The Lonely Parents Club: Karen's Story

Please tell us a little about yourself

I'm Karen, I am 42, I have two children who are almost 12 and 8. I live in South West London, we have two cats, and various other pets. I am an ex nanny, ex children's nurse and now I run a family charity and write a parenting blog. I haven't had a decent night's sleep since I don't know when and I drink far too much coffee as a result!

What does being a parent mean to you? 

I always wanted to be a mum, but I had no idea what the reality of parenting was actually like, despite having worked with children and families in my professions, before I had my own. I love my kids and a lot of my identity is around being a mum, but as someone who has struggled with her mental health, particularly since becoming a parent, it has been challenging. My son also has some extra needs, he has a diagnosis of SPD, which makes my parenting journey a bit harder, and not quite what the parenting books tell you about.

What has your experience of loneliness been as a parent? 

I struggled with anxiety and post natal depression after my daughter was born, and non of my friends had had babies so not only was I kind of alone in being a new mum, but my mental health was quite fragile, so I often felt that I had no one who understood or got what I was dealing with. We struggled to get pregnant and stay pregnant so it was really hard explaining that I had PND and wasn't coping so well with the baby we had tried so hard to have.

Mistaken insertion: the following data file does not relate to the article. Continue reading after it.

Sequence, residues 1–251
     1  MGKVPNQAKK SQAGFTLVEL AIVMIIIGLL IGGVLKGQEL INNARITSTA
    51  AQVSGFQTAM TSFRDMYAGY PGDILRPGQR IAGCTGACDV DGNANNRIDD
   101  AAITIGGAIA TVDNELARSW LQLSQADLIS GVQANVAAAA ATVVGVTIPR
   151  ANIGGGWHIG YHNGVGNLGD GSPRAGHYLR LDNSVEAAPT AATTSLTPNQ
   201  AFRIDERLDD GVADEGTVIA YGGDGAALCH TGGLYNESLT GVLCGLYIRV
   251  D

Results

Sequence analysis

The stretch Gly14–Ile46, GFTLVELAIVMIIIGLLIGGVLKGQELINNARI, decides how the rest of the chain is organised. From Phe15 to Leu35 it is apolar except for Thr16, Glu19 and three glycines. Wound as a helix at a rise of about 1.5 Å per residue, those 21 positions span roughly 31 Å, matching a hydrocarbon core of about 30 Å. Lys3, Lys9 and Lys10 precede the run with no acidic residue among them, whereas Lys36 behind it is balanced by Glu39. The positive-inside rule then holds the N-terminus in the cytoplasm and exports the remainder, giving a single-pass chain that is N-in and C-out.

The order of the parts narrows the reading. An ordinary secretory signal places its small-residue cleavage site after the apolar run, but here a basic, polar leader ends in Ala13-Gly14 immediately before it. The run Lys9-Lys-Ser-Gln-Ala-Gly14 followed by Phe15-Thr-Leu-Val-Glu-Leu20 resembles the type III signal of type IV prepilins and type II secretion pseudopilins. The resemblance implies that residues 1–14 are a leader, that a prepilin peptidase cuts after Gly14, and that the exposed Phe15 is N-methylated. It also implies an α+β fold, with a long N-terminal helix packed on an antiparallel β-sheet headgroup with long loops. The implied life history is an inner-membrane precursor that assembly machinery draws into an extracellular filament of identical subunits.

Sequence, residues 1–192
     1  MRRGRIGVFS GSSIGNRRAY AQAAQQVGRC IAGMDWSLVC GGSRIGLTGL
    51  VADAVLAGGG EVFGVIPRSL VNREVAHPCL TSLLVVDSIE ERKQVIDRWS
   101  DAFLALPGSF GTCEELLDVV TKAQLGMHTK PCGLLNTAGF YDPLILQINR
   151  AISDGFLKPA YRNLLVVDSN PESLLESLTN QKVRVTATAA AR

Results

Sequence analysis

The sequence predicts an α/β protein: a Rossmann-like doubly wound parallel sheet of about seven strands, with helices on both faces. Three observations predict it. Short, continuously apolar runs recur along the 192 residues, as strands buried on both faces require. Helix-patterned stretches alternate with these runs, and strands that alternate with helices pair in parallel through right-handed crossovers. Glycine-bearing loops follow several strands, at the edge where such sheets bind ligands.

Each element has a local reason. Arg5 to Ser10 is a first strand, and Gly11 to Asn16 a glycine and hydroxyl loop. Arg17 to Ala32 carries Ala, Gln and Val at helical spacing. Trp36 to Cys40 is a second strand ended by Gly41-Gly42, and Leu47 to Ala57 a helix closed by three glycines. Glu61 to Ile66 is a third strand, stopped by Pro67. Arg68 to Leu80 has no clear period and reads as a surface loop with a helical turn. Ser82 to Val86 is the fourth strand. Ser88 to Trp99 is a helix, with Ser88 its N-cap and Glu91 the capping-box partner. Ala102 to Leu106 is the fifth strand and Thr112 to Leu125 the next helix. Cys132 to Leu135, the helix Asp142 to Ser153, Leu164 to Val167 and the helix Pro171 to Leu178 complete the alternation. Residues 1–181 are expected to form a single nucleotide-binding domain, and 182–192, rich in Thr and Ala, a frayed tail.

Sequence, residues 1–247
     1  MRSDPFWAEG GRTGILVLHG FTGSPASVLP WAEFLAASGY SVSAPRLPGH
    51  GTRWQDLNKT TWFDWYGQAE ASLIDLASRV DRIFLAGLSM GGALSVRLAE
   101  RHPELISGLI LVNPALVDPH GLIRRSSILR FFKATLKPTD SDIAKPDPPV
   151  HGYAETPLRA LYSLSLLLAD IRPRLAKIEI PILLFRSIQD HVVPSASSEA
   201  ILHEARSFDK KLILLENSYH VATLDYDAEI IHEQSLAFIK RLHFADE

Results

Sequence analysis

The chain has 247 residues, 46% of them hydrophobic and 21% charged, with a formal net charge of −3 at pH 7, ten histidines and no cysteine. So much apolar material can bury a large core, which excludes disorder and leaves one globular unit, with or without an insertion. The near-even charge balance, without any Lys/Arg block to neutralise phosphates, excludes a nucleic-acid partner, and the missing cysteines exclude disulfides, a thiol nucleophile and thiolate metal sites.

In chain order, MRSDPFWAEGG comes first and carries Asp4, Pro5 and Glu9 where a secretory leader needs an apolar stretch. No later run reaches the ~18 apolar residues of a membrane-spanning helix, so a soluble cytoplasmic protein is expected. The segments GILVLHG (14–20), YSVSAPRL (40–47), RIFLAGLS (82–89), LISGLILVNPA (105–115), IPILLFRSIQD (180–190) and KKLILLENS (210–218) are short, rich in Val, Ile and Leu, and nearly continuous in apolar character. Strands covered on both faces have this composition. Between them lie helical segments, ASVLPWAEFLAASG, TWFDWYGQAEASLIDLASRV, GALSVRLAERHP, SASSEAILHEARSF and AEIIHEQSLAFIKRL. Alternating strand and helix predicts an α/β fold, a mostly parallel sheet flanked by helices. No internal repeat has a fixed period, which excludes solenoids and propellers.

How did you improve or are you improving your situation when it comes to feeling isolated? 

I went out a lot, just to cafes or to the library, and did things like swimming, just to get us out of the house. I didn't enjoy our local toddler group, it felt really cliquey and like there were little groups of mums and if you didn't fit in, you just sat around with no one to talk to. So, I started my own. I approached the church I am part of and said I wanted our own group. They gave me a building space and some money and my first toddler group started small, but grew and now I help to run 5 across our local area, each one is very different and with different demographics and families and we work with our local children's centres who support us and promote us. I am very aware about helping and working with families and we (my team of volunteers and I) work very hard to make sure that anyone who comes to our groups isn't sitting alone, isn't not being welcomed into the group, doesn't not have anyone to talk to, we try and make sure we support mums and dads, if they are having a tough time (if their toddler is having a tantrum, we will try and support them for example, so they don't feel like they are being judged or watched) and I often am sat with a toddler or a baby on my lap whilst their mum goes to the loo, or just enjoys a hot drink with two hands, and a few minutes peace or you may find me changing a nappy, or doing messy play with a small child, so mum can chat and get a break. I watch out for mums who I think may be feeling anxious or possibly even showing signs of PPD, and if I see a group looking too "cliquey" and someone is sitting alone, I have been known to go across and gently try and help them to approach that person and involve them. I have developed relationships with some families and even had the honour of being asked to be godmother to one new baby of a family that have been coming to our groups for a long time, and been on the list of people first to be let known when important family moments happen like babies being born. I have also been able to share my own mental health issues and point some families to the right place to get help. For me, to be active and helping others has been so good for my own mental health, and to know I am at least trying to help other mums out there makes me feel like all the hard work is worth it.